By Logan Rader—Opinion Editor
Recently, a couple of bombastic personalities (one very familiar) were publicly satisfied with what they desire most: screaming fans and popular attention.
On Sunday, Sept. 22, a roaring crowd packed into a football stadium in Houston, TX greeted India’s Prime Minister Narendra Modi with grandiose applause, celebrating his triumph in the country’s recent parliamentary elections. At the cultural rally, notably and officially called “Howdy, Modi!” the prime minister was joined by President Trump who asserted his support for the passionate populist.
The two leaders have risen to power through similar veins. POTUS relied on his gold-plated persona and status as a divisive outsider, tapping into the fiery, xenophobic character of the American experience. Modi shares a similar claim to fame.
He served as Gujarat’s chief minister from 2001-2014 and has been prime minister since then. During his time in Gujarat, he deliberately allowed a deadly anti-Muslim pogrom to occur in 2002, in which over a thousand Muslims were killed. These minorities, as Modi publicly pondered, needed to be taught a lesson. He was subsequently banned from travel to the US until 2014 under the International Religious Freedom Act. It was rather objectively apparent to most that he bore some responsibility, from which the current US position toward India has dramatically departed.
There is a prevalent anti-Muslim sentiment that runs deep in Indian politics, and this has been exacerbated by the Bharatiya Janata Party’s (BJP) grip on power, the right-wing Hindu nationalist coalition. India has been in the news over the last few years because of their dispute with Pakistan, a majority-Muslim country, over the region of Kashmir. Muslims have increasingly taken on the role of scapegoat in Indian politics.
Traditionally seen as a bastion of democracy in the East, the Indian state has increasingly taken on a character of “Hinduness,” and dissent, in whatever form, is taken as criminal criticism of the government. Further, authorities have responded to dissent in a paradoxically cowardly and bold way. As authoritarian China is holding over one million Uighur Muslims in “re-education camps” on counts of terrorism and espionage, India is imprisoning and abusing those they deem threatening to the power of the party and the government.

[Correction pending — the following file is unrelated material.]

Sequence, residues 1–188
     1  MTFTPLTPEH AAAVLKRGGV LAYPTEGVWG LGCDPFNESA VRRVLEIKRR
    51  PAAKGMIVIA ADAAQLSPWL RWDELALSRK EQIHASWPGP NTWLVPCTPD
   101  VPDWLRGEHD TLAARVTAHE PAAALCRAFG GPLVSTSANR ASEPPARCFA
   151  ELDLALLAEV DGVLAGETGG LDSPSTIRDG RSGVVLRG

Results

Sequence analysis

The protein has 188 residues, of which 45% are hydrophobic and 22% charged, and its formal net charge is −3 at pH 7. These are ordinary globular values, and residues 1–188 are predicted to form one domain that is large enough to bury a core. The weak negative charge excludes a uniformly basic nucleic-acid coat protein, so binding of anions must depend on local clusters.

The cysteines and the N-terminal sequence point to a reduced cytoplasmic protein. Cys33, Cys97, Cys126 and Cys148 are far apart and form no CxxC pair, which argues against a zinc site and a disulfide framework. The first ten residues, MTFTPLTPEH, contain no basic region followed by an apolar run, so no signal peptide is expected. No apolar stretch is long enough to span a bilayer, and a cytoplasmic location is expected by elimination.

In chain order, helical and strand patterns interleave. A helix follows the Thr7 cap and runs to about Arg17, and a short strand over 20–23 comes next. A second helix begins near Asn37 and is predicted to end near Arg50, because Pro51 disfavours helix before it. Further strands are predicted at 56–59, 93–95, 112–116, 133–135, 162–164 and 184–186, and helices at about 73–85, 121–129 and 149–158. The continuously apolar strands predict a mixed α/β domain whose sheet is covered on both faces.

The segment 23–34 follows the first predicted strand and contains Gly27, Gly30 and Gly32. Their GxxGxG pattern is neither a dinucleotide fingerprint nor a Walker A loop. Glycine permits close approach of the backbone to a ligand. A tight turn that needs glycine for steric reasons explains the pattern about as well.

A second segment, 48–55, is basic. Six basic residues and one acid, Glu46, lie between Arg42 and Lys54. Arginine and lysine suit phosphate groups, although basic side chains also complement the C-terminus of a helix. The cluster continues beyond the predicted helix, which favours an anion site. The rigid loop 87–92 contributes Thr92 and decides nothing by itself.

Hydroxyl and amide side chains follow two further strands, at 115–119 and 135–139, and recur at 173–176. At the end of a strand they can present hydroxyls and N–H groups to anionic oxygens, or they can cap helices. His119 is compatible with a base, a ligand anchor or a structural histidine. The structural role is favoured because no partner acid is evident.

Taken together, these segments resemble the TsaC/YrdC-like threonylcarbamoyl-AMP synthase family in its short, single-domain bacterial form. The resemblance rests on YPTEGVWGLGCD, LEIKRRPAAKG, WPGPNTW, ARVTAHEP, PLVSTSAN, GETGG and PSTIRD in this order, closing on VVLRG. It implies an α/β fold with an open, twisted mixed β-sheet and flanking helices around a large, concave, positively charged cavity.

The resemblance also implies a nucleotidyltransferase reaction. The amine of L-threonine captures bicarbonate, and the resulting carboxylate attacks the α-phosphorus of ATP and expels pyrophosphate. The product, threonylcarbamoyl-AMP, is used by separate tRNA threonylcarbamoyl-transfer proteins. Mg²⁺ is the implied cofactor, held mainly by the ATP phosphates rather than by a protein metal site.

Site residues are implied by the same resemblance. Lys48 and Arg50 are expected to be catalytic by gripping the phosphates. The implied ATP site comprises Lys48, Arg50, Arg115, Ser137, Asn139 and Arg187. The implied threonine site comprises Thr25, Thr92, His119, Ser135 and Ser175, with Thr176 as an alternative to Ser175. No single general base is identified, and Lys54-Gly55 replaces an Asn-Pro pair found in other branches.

These very same broad charges of undercutting the regime’s legitimacy were used in the arrest of GN Saibaba, a professor of English at Delhi University.
Saibaba was sentenced to life in prison on Mar. 7, 2017, and convicted of “unlawful activities,” among other things, on the basis of evidence with scant merit. After his home was raided by the police, various electronics were collected by India’s government like hard drives, flash drives, and academic writings. These pieces of evidence served as the Indian courts’ basis to accuse Professor Saibaba of being a member of a front group for the Maoist Communist Party of India, which is banned from political activities. He remains in prison today, for advocating for indigenous and other oppressed groups in the country.